What does suhūr contain?

Suhūr is consumed at night, and it must be a light meal so as to prevent any kind of illness. For example, an appropriate suhūr meal incorporates whole grain bread, low-fat cheese, bananas, dates, almonds, water, yogurt, fruits, and honey. A big amount of coffee, tea, salt, and fried foods is not recommended.

Who is fasting?

  • Muslims in religion
  • Adults
  • Mentally healthy people
  • Physically healthy people
  • People who do not travel a lot
  • Women when they do not menstruate.

Who is excluded from fasting?

  • Ill people
  • Hikers
  • Old people (but they have to offer food to a poor person every day that they do not fast)
  • Patients who are not expected to recover (like the old people, they have to offer food to a poor person for each day that they do not fast)
  • Pregnant women and those who are in the stage of breastfeeding.
Arraba, Palestine, March 2015. Homestay and dinner with the Mardawi family in Arraba. The Abraham Path is a long-distance walking trail across the Middle East that connects the sites visited by the patriarch Abraham. The trail passes through sites of Abrahamic history, varied landscapes, and a myriad of communities of different faiths and cultures, which reflect the rich diversity of the Middle East. Credits to: Frits Meyst. Image source: hlitoa.com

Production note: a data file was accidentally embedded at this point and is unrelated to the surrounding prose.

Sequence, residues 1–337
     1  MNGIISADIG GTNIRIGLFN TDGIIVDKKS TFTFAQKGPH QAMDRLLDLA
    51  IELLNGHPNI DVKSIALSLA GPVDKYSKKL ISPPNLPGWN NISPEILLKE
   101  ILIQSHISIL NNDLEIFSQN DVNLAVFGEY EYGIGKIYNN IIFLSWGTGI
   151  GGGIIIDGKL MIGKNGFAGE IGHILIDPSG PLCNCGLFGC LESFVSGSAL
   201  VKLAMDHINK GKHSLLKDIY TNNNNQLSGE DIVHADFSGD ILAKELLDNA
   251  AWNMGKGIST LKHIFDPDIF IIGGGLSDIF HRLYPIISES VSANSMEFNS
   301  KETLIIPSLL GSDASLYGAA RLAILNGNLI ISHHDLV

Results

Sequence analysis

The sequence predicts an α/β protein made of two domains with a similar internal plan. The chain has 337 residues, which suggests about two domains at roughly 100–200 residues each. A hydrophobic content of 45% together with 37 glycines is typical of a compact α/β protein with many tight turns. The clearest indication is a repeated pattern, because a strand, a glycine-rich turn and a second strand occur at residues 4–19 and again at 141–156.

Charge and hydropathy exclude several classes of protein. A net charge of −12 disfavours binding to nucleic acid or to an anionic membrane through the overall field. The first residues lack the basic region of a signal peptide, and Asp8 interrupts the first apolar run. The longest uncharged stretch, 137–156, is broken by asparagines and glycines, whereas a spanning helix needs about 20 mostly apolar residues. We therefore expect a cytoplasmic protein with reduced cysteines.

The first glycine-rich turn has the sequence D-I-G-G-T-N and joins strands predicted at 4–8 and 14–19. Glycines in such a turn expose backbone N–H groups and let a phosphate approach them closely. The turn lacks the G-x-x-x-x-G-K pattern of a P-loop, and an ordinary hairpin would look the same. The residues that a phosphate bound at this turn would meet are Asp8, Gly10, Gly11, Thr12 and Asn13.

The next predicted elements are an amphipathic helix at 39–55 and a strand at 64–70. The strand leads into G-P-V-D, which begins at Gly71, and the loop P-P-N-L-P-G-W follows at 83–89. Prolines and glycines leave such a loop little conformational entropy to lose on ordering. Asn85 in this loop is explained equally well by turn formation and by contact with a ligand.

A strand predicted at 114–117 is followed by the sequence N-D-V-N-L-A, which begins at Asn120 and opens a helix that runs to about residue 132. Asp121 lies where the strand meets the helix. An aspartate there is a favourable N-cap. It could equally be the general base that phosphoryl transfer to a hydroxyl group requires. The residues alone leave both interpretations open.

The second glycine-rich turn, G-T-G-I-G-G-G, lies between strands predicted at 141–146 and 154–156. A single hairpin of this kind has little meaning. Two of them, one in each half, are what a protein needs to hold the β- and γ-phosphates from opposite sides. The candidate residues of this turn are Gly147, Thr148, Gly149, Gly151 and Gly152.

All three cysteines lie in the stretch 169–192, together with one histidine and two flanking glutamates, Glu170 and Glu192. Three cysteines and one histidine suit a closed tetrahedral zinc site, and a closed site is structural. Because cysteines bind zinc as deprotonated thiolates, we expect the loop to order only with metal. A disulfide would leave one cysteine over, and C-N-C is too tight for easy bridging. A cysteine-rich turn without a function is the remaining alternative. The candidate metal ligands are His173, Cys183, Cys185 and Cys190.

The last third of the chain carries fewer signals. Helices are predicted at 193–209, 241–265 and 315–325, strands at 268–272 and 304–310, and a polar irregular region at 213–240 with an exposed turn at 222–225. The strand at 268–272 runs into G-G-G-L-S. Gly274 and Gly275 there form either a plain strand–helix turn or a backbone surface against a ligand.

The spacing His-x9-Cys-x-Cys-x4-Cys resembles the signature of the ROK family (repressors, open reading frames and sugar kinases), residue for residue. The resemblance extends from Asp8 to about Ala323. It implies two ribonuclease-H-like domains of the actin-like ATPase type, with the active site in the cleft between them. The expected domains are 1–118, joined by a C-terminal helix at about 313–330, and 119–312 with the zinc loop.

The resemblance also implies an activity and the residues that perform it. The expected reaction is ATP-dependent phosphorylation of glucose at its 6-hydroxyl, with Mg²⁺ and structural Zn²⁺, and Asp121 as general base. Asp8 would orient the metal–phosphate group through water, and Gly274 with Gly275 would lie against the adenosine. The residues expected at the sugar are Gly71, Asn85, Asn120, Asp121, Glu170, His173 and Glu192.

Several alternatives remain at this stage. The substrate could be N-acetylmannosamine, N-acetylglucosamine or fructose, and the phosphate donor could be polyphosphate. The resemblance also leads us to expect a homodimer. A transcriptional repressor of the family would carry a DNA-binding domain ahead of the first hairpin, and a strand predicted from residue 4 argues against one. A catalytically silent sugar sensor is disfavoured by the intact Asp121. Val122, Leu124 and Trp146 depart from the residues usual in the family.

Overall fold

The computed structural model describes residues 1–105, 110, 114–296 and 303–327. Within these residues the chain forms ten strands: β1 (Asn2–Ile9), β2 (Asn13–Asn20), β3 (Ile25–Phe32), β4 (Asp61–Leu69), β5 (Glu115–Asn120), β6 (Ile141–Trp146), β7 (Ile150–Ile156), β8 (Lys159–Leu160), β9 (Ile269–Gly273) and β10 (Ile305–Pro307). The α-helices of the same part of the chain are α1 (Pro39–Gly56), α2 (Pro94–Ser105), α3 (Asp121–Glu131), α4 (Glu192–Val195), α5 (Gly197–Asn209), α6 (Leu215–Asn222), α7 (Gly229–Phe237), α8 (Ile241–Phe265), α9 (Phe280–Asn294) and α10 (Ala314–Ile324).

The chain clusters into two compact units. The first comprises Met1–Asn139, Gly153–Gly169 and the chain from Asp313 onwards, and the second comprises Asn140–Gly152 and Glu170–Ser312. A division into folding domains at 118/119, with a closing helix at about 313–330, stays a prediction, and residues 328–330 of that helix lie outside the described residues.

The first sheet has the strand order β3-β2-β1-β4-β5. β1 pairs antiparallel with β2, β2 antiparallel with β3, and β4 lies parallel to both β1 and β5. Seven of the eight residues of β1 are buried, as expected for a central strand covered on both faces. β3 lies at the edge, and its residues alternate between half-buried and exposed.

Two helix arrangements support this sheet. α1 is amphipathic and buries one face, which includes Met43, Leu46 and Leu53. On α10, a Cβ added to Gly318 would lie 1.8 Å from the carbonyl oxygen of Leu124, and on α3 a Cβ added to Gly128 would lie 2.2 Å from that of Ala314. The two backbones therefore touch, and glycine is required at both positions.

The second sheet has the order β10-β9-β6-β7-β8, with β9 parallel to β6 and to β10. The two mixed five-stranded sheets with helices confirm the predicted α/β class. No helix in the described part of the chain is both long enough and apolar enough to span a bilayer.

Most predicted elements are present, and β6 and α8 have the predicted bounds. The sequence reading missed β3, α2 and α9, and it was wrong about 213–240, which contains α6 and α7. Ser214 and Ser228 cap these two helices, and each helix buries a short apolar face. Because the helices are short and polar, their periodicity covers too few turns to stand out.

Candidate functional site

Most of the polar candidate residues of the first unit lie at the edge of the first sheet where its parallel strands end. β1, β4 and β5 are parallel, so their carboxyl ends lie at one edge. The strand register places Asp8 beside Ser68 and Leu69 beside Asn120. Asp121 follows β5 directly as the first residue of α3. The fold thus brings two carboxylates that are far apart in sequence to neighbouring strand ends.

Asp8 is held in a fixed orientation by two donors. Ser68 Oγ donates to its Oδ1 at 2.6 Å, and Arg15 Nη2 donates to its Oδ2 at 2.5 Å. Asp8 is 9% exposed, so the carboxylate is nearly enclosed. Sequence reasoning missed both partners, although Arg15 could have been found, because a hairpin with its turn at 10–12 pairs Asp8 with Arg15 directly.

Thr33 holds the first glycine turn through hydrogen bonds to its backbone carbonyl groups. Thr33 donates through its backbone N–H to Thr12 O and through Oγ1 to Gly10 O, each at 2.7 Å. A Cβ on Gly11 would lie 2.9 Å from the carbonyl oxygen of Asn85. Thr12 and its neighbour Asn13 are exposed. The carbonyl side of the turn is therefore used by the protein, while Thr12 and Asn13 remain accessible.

Are the rules of fasting the same everywhere? Do all Muslims fast in the same way? Why is Ramadan celebrated at a different time each year?

Ramadan is obligatory for every Muslim and there is no difference in the rules. The time period varies because the month of Ramadan is calculated based on the lunar calendar and shifts back 10 days each year.

How is Ramadan concluded?

The end of Ramadan is celebrated with a three-day period called Eid al-Fitr or “Feast of Breaking the Fast”, which begins with a special prayer early in the morning and continues with celebrations, rich tables, and the distribution of gifts and money to children. When the first crust from the New Moon becomes visible, the month of Ramadan ends, and the month of Saul begins.

Is it easy to get back into the routine after Ramadan, and how many people reach for the excessive consumption of food and drink to make up for what they have been deprived of?

Returning to normal life is not a problem for Muslims, because they eat as much as they need. There is nothing they have lost because everything is making up for it between the ifṭār and suhūr.

In which countries is Ramadan celebrated?

Ramadan is celebrated in countries that have Muslim populations, such as Indonesia, Pakistan, Bangladesh, Nigeria, Egypt, Turkey, Iran, and the USA (a percentage of residents in some states are Muslims).

  • Το Ραμαζάνι και οι 10 πιο συχνές ερωτήσεις για τη νηστεία, balkon3.com, Available here
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  • Ramadan, history.com, Available here
  • Πότε Πέφτει το Ραμαζάνι 2022, coolweb.gr, Available here



Konstantina Kerpinioti
Konstantina Kerpinioti
She is an undergraduate student at the Department of English Language and Literature at the National Kapodistrian University of Athens. She likes chess, swimming, and travel shows. She is a social and adventurous person and a supporter of gender equality and human rights in general. Also, she is interested in being informed and expressing her opinion on social issues. In addition, she considers self-confidence to be the most attractive element in an individual’s personality. She is a nature lover, and she adores cats. Her motto is that if you try and fight hard, you can achieve anything you want — even the impossible.